“What’s social anxiety disorder?” Raf says again. From here he can’t see the girl.
In recent years, Isaac explains, a lot of American vets have started to diagnose the condition in pet dogs, and as a result a range of competing psychiatric prescriptions have now been brought to market. As for the rest of the mixture, he has no explanation for the monosodium glutamate, unless that’s just to bulk it out, although in that case it’s difficult to say why, out of all the available inert white powders, the manufacturers have chosen to use monosodium glutamate in particular. (Raf almost wonders if it could be a joke about the wontons.) And it has some speed in it because everything has some speed in it.
“What’s it going to do?” Raf says.
“It’s like really bad ecstasy.”
For a long time Raf had thought of ecstasy as a substance so synthetic it was almost a pure abstraction, so it surprised him to learn from Isaac last month that the reason there’s no good ecstasy in London at the moment is that two hundred and fifty drums of sassafras oil, which in the old days was thought to cure syphilis, were confiscated at a port in Thailand. To find out that ecstasy—like cocaine, like opium, like marijuana—comes from a plant that grew in the ground is to find out that angels have belly buttons. (Speed, by contrast, is made out of ephedrine, which can be extracted from certain shrubs but nowadays is almost always made out of laboratory chemicals instead, so like some theorem in vector algebra the drug owes nothing to the outside world, unless you followed the chain all the way back to the hydrocarbons they take out of crude oil.) Strange, too, to think of the million flirtations that won’t be consummated, the million dawns that won’t be watched, the million comedowns that won’t be endured just because a guy in Laem Chabang neglected to pay a bribe or another guy refused to take one. No politician at a WTO conference ever had so much power. The drug trade, Isaac told him, is the first globalisation of the emotional life.
“When is there going to be good ecstasy again?” Raf says.
“Maybe never,” says Isaac. “We need to get hold of some glow.”
“You know, that new stuff. Barky said it was the best thing he’d ever taken. Ever in his whole life.”
“Does he still have any?”
“I think so.”
“Is he coming here?”
Isaac shrugs. “His phone’s off.”
The reason the owners of this laundrette are allowing a small rave to take place here tonight is so they can sell drugs to the crowd, but all they have is cocaine, ketamine, and a new ecstasy understudy called ethylbuphedrone that you can buy legally over the internet from laboratories in China, none of which are of any interest to Raf. Looking around, he feels, not for the first time, a mild bitterness that he wasn’t born twenty years earlier, when a night out would have been all about snowy Dutch MDMA in a giant import warehouse near the M11, a drug culture so good that people wrote memoirs about it, instead of these self-administered double-blind trials in a twenty-square-metre urban utility. How was London reduced to this?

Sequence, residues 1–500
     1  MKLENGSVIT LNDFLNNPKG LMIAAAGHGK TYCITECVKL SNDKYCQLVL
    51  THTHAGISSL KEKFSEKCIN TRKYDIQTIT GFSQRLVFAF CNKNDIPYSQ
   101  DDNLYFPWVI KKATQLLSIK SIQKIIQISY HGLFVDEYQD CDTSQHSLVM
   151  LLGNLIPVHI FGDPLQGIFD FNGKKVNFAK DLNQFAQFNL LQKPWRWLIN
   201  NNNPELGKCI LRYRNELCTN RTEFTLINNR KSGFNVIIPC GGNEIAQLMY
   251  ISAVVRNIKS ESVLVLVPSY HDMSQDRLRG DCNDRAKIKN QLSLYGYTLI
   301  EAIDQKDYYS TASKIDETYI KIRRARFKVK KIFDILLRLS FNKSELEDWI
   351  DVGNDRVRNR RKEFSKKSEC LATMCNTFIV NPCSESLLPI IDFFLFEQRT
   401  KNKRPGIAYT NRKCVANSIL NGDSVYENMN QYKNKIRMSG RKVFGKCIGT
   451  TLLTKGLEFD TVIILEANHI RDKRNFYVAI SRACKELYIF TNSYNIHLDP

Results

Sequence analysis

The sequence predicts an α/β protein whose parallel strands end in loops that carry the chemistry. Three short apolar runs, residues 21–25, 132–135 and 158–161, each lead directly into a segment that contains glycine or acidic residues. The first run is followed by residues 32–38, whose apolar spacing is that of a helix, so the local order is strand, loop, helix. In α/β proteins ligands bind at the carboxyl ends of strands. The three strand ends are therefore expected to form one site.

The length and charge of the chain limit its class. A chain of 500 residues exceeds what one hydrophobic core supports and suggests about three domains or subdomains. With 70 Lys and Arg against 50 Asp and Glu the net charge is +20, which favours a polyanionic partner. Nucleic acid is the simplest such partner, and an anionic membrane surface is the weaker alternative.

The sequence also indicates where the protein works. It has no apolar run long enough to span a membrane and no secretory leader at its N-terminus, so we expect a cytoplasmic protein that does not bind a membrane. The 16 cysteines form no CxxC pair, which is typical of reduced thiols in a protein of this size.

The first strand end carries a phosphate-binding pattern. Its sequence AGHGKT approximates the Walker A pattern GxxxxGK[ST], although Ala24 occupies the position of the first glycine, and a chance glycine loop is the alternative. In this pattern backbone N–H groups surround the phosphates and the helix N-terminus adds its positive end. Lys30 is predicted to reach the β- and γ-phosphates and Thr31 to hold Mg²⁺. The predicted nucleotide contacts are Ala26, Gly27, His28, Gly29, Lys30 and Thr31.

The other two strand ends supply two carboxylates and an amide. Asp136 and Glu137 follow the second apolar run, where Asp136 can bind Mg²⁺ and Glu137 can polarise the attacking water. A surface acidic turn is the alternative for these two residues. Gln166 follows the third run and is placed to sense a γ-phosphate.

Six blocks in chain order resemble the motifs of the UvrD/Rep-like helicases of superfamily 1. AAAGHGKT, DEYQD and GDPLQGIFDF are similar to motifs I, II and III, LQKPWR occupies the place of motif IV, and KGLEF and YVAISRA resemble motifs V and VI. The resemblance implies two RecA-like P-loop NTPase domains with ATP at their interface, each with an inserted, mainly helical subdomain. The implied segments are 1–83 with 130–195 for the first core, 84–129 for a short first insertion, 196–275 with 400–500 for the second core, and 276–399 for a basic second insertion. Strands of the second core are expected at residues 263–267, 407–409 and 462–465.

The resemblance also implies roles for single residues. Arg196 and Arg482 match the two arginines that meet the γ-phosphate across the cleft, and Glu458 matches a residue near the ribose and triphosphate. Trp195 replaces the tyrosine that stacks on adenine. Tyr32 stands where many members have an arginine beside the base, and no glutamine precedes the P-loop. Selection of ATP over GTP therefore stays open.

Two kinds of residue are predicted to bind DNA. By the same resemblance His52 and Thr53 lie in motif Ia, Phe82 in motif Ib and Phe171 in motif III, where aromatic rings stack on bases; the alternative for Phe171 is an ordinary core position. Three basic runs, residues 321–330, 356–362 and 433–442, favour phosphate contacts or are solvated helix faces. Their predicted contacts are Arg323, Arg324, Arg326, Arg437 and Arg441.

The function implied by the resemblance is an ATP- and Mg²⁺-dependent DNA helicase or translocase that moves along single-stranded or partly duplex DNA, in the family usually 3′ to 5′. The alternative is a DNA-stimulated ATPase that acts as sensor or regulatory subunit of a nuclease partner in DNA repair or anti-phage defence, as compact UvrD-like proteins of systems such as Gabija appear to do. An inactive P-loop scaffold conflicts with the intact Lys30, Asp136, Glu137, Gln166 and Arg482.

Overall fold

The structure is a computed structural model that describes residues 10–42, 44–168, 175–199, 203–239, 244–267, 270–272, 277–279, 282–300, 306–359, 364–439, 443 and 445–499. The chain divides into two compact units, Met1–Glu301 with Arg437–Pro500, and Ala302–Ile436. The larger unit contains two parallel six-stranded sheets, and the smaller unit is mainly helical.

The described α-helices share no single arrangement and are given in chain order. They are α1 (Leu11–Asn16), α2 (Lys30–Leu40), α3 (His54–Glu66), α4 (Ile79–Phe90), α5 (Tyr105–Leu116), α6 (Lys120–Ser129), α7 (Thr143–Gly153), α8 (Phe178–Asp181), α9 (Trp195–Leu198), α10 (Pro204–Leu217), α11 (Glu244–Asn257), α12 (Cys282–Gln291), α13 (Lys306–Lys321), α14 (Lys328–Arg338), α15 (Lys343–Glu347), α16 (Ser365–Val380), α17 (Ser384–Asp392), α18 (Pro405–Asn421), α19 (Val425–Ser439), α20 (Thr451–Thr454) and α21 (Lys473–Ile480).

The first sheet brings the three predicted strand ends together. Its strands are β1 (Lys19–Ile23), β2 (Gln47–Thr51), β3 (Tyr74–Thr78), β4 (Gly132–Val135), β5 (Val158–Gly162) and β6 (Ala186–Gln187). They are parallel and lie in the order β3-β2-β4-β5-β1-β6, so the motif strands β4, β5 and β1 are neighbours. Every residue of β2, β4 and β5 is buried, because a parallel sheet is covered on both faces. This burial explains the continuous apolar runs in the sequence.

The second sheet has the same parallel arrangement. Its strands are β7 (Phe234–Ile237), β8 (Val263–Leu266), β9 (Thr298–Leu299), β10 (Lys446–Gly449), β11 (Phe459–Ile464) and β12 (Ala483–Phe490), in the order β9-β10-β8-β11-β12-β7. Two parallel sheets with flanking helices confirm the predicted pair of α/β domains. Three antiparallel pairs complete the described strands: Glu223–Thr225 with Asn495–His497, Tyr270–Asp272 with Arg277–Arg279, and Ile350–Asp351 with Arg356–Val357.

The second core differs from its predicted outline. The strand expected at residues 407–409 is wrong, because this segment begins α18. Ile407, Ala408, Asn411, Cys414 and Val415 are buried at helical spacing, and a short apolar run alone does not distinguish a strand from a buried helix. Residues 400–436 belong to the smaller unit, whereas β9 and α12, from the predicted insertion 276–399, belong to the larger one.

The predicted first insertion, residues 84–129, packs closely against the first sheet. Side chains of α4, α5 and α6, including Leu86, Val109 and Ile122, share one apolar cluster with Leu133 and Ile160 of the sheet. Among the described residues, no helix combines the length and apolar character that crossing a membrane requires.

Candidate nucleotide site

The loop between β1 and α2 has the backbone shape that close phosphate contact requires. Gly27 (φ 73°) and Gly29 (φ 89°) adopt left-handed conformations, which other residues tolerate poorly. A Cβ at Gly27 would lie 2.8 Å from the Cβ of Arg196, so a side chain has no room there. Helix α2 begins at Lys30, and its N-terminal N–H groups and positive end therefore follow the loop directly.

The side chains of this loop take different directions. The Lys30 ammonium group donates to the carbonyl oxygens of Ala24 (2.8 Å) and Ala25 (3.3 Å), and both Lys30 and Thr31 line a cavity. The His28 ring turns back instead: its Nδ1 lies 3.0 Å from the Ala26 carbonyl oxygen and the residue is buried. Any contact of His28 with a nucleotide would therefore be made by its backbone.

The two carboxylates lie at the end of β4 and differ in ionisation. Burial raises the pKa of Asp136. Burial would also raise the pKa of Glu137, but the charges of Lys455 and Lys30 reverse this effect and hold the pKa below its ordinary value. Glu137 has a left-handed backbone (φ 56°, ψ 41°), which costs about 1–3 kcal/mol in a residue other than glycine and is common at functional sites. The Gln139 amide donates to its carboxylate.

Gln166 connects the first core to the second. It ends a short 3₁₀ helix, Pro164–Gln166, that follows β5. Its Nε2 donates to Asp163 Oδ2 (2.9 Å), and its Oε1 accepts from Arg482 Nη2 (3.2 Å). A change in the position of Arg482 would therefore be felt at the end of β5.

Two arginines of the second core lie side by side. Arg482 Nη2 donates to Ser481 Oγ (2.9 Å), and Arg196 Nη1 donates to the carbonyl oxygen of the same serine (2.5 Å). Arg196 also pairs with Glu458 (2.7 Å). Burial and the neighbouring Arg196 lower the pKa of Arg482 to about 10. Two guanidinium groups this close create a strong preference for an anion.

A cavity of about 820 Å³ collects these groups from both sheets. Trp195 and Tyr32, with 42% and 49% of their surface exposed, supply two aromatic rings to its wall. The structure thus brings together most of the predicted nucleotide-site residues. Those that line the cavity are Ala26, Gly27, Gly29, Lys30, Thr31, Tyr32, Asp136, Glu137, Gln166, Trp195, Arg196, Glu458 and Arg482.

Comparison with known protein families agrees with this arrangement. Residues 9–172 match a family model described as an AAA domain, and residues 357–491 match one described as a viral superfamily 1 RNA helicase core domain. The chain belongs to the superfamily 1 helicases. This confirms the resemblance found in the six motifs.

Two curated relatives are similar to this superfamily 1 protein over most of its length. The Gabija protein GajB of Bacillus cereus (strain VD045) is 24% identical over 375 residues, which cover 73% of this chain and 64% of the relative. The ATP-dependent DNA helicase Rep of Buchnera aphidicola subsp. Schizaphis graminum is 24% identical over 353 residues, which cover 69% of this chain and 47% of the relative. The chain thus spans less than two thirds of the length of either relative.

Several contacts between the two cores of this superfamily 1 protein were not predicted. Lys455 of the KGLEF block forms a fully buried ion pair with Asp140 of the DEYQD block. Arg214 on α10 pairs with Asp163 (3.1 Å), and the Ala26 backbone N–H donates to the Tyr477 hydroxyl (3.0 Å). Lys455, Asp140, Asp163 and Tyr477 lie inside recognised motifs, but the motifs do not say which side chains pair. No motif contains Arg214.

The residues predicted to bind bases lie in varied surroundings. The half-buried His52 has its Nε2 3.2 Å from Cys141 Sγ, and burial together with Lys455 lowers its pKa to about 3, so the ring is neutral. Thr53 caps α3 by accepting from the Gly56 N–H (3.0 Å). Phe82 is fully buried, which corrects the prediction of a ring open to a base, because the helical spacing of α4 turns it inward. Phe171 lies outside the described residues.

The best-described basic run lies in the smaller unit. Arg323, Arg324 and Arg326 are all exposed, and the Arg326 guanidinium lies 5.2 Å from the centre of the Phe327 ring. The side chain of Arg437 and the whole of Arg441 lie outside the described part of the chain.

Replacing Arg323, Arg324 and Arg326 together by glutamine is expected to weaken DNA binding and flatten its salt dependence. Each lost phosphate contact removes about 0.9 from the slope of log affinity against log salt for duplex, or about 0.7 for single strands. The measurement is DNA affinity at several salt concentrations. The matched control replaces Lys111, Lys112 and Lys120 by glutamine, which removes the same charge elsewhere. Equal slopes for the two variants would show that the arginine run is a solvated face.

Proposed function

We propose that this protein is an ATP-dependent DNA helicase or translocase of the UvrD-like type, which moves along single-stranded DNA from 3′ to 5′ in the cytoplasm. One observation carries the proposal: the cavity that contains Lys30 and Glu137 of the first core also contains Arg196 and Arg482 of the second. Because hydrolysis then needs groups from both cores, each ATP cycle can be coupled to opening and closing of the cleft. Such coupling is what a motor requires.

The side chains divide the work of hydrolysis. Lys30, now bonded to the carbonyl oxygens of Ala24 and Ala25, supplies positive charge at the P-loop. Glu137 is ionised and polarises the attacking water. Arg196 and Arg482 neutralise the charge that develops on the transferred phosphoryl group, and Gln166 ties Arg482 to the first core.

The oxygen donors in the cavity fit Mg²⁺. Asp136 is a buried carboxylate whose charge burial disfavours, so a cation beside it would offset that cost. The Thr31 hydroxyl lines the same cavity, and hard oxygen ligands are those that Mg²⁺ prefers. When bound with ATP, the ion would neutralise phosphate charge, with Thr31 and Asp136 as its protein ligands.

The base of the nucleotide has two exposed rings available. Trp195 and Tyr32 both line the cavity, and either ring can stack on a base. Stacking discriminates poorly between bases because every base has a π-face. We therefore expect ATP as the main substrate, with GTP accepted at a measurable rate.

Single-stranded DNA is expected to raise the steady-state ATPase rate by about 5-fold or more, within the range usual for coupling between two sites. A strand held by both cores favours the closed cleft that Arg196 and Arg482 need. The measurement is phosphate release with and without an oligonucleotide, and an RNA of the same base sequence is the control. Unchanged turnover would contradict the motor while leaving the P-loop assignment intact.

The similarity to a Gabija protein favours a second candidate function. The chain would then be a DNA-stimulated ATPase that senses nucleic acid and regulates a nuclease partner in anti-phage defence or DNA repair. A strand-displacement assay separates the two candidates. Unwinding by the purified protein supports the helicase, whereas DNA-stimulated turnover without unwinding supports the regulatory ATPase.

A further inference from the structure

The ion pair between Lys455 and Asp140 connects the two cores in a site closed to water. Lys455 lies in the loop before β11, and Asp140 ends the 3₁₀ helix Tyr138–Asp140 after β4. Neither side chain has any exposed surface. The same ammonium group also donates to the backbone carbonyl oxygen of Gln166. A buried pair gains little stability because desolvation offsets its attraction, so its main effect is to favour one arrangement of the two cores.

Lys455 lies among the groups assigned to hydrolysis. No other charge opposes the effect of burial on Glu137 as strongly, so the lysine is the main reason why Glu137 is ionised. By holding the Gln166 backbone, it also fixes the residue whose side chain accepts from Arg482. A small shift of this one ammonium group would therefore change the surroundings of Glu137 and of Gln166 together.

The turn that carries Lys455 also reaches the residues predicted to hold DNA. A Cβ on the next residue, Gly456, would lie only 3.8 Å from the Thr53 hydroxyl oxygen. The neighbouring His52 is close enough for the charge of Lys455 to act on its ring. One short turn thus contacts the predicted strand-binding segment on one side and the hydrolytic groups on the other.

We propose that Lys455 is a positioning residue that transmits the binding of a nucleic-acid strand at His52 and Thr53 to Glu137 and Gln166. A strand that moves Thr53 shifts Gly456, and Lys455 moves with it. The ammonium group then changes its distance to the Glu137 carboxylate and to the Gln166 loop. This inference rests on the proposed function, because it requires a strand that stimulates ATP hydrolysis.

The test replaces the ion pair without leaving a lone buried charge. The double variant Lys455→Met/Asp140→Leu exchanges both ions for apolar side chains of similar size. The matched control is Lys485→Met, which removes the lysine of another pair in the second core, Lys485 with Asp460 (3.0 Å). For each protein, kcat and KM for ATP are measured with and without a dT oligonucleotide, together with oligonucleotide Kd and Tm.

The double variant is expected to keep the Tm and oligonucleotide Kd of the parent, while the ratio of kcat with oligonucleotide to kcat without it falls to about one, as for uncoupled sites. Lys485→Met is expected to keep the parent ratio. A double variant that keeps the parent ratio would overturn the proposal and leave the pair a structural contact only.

Quite soon, Isaac follows him back inside, and Raf sees that a boy and a girl have stripped down to their underwear and climbed inside one of the big spin-dryers to kiss, their skinny limbs struggling for purchase on the inside of the drum like test subjects in some astronautical study of the sexual possibilities of small cylindrical spaces. They, at least, have taken something good, or maybe not something good but at least something they’ve never taken before. The DJ is playing a track that Raf has heard on Myth FM a lot. He climbs up on top of the dryer, above the perspiration troposphere, to look around for the girl from before, but he can’t see her anywhere so he just stays up there to dance.
When Barky does arrive he still wears flecks of shaving foam on both ear lobes like little pearl studs, so maybe, like Raf, he got out of bed only a short while ago. In his wallet there are three more wontons wrapped up in a shred of orange supermarket bag, one dose of glow for each of them. About half an hour after Raf took that previous compound, he started to feel a change, but so weakly that he wasn’t even sure, like when you go into a room and you think you can feel a cold draught but no windows are open and it might just be your imagination. Then it was gone again. So he’s excited about trying Barky’s novelty, and he’s about to swallow some and get back up on the dryer when he feels a touch on his arm. He turns.